When your foot presses into firm, wet sand, it leaves a brief, but detailed imprint on the earth. And though, with the next wave that washes over the beach, that footprint is gone, there’s no shame in knowing you left your mark on this place, at this moment in time. And a fleeting moment it was.
If you’re lucky, that next wave of warm Gulf water will lap at your ankles, and in seconds, you’re part of two worlds. As the wave pulls back, you can feel the sea tugging the sand out from under your bare feet, seductively inviting you to take one step closer, one small step toward the water world where we can only visit, despite our best efforts to conquer it.
The ocean pulls at me. The sound of surf breaking over the sand and onto the beach is a siren call that I resist only because the draw of the mountains and the allure of cold, clear water running off the shoulders of the world keeps me grounded at altitude. But occasionally, I answer the call of the salt. I guiltily turn my back on the mountains and the rivers and the wild trout that swim there, and I venture to the sea to be romanced by water.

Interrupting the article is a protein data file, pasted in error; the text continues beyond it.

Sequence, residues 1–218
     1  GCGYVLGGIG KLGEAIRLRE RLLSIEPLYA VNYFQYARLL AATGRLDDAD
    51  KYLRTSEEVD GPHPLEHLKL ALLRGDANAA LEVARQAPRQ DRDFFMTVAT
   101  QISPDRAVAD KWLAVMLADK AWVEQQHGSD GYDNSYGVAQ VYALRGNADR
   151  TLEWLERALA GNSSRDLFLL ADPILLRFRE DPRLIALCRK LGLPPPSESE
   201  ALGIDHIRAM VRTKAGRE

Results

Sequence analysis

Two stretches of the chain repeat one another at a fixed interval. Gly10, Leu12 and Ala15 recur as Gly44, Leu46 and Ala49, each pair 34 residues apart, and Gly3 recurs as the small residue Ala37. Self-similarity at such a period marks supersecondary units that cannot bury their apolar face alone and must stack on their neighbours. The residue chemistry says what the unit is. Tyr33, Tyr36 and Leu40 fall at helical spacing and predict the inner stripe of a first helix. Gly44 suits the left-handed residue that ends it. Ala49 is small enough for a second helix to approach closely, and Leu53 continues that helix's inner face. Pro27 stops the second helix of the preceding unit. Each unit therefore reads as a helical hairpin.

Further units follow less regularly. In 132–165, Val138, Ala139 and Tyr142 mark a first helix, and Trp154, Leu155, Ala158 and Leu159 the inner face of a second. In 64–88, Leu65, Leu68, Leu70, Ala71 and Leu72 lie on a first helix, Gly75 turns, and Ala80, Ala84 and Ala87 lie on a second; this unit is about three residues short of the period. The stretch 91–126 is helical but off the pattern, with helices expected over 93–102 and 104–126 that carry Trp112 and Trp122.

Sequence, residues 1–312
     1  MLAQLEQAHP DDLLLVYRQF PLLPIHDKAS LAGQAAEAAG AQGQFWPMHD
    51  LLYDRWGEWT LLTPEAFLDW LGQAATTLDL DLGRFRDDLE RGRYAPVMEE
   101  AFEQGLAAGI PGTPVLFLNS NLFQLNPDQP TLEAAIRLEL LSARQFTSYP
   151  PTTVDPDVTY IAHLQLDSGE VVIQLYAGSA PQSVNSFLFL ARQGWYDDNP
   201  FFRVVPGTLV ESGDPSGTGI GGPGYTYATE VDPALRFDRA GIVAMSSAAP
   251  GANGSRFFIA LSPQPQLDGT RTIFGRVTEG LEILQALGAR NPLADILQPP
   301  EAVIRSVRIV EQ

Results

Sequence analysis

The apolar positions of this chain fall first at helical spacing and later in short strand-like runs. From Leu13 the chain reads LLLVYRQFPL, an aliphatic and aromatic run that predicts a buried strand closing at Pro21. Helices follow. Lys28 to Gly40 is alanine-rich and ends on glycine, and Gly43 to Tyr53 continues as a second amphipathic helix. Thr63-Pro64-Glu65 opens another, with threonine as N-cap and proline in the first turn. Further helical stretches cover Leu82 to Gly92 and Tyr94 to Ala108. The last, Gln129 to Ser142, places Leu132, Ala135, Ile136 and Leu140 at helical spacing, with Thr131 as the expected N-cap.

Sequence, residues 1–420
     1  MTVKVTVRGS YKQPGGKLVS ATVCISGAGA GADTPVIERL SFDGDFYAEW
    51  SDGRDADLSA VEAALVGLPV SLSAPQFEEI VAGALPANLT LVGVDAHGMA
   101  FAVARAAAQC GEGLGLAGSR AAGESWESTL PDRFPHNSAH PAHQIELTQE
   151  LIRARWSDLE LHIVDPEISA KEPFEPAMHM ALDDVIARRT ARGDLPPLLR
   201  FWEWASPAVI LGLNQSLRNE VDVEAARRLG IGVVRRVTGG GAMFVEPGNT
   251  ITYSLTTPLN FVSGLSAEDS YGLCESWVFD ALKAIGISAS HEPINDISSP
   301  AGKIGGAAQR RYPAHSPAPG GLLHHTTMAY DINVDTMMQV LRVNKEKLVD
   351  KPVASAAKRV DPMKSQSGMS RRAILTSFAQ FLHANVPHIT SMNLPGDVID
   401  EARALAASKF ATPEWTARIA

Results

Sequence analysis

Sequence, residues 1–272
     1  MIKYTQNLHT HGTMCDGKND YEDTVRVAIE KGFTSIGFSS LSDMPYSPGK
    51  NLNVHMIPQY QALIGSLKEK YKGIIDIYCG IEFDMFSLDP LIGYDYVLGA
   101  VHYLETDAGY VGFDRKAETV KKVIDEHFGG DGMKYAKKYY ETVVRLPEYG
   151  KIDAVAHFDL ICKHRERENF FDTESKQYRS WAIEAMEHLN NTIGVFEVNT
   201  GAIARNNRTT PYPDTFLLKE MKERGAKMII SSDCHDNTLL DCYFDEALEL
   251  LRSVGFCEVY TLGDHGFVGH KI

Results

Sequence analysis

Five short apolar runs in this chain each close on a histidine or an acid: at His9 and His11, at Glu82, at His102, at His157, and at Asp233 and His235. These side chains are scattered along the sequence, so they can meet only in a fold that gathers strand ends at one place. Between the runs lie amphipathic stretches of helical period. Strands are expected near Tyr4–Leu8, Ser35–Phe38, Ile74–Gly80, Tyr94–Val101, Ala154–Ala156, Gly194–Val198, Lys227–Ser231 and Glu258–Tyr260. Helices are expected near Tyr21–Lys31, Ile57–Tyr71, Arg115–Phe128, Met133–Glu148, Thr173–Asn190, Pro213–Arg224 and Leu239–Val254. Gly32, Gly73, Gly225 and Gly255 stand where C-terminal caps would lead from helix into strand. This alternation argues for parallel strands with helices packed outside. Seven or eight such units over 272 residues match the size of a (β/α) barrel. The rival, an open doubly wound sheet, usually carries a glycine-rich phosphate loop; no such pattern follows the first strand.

Down here, the air is soft and warm in April. The breeze coming off the Gulf, pushed north from the Yucatan, doesn’t blow so much as it embraces. Like the water is stirs into waves and whitecaps, it finds its way into your soul and it, like a footprint in the sand, remains until something else comes along and washes it away.
The water here is bipolar. The violence of the surf is countered by the clarity and the stillness of the bay, and the vagabond angler can pick his poison. He can shuffle his feet in the sand and wander for miles in knee-deep water, watching for darting targets just under the surface, or he can face the waves and the wind and cast blindly into the breakers, knowing the next wall of white could slap him in the face and test his mettle.
Either choice is honorable, for eventually, the waves meet the bay, thanks to that ever-present breeze that pushes water through cuts and over sandbars. Through these cuts swim fish so strong, so hardy that connecting with one, even briefly, will turn a trout angler’s blood cold for a split second and make him question the sanity of standing in their world while trying to pluck them from it.
I answered the call of the salt, and while I’ll return to the mountains, my beloved cold, clean water, and my trout that swim there, it might be a while before that mark, left by a warm, salty breeze and the pull of a mighty fish on a tight line, is completely washed away.
The ocean calls to me. Now and then, it needs an answer.